1. LSD and Lollipops: FOT Beth, who's largely responsible for my ye-ye affliction, has finally set up her own shop, and it's essential reading.

2. Kramer vs. Predator: Gainesville, Florida's very own Matt writes about films, but with the cool detachment of someone who could only be a friend of mine. In post number one, look out for the phrase "neck sex".

American readers, enjoy your three day weekend. Here's a song that's patriotic.

[download Hope of the States - George Washington]
(YSI link, sorry. Those Hot Chip files DESTROYED all my bandwidth)

The summer's worst movie

Based on all the buzz, I had low hopes for The Love Guru, and yet I knew I'd end up watching it. There's something about horrific comedies that always pique my interest, far more than bad dramas, horror movies, etc. Why else am I always drawn to the shitfests thrown up by Friedberg and Seltzer? But even with such a high tolerance for absolute bilge, there wasn't much to look forward to when it came to Mike Myers' big comeback flick. I think the guy on Slate's podcast articulated it best when he said "Myers might just be slightly mentally retarded".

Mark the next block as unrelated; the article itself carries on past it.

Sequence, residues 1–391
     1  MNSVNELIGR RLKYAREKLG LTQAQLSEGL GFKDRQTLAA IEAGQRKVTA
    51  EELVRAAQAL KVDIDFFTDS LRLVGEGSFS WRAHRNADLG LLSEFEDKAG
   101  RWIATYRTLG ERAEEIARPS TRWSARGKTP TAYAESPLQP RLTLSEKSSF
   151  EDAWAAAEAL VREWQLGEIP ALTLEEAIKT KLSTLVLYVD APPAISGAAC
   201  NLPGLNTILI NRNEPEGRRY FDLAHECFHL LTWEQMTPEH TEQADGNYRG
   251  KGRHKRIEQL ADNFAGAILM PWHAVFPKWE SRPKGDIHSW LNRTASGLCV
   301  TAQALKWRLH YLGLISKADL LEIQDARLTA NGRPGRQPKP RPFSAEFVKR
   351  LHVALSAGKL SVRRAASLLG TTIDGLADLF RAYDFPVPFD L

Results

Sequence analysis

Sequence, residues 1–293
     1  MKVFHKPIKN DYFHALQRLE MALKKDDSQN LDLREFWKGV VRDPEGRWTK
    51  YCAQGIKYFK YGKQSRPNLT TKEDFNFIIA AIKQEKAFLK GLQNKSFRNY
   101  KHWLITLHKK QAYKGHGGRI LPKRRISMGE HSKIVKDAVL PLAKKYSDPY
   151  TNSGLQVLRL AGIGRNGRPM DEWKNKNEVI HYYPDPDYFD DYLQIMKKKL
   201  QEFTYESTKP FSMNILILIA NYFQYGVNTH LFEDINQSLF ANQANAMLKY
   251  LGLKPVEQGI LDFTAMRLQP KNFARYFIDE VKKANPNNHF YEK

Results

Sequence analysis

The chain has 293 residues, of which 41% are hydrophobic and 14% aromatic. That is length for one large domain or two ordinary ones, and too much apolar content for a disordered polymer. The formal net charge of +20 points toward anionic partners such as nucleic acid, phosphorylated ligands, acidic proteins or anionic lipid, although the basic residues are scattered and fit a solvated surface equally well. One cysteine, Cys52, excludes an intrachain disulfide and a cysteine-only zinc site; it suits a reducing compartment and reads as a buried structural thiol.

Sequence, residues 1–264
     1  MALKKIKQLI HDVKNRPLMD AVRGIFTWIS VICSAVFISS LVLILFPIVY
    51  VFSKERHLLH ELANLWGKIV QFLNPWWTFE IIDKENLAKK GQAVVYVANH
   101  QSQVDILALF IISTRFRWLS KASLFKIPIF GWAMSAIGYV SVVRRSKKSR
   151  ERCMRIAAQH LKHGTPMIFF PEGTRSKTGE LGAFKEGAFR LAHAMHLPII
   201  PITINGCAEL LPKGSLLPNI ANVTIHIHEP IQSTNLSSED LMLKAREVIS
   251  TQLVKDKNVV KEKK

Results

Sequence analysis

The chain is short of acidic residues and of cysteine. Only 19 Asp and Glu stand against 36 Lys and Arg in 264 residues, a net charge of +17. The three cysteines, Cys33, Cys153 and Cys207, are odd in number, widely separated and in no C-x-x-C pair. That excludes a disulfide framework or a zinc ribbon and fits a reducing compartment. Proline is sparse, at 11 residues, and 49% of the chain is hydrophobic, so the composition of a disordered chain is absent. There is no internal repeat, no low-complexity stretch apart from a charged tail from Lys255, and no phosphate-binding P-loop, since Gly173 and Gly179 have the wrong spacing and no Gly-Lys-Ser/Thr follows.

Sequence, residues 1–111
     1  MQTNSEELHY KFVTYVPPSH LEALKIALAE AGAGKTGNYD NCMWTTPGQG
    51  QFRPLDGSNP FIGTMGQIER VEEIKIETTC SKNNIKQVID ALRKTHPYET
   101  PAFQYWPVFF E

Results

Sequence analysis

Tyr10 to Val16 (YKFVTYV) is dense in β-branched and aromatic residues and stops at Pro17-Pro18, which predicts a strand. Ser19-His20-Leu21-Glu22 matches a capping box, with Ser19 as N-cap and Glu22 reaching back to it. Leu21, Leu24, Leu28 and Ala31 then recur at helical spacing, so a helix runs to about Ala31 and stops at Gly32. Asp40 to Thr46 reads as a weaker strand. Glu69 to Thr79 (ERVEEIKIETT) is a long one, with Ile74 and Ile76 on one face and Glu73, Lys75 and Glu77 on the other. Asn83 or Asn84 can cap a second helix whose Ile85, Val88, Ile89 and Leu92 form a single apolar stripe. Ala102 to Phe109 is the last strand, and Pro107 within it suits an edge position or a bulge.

So here's the bad news. I laughed during 'The Love Guru'. Twice. Admittedly, that's an absolutely horrendous return for a major studio comedy, but in all honesty two laughs (chuckles, really) was still far more than I expected. There was a bar-fight scene that was funny. And something about Morgan Freeman's voice. That's about all I can remember.

So here's the really bad not-really-news. The film is fucking terrible. I like John Oliver, Stephen Colbert, Jim Gaffigan, Romany Malco and Omid Djalili but now I just feel bad for them. (Truthfully, I don't even remember Omid being in it). At one point, I was seriously considering the following quandry: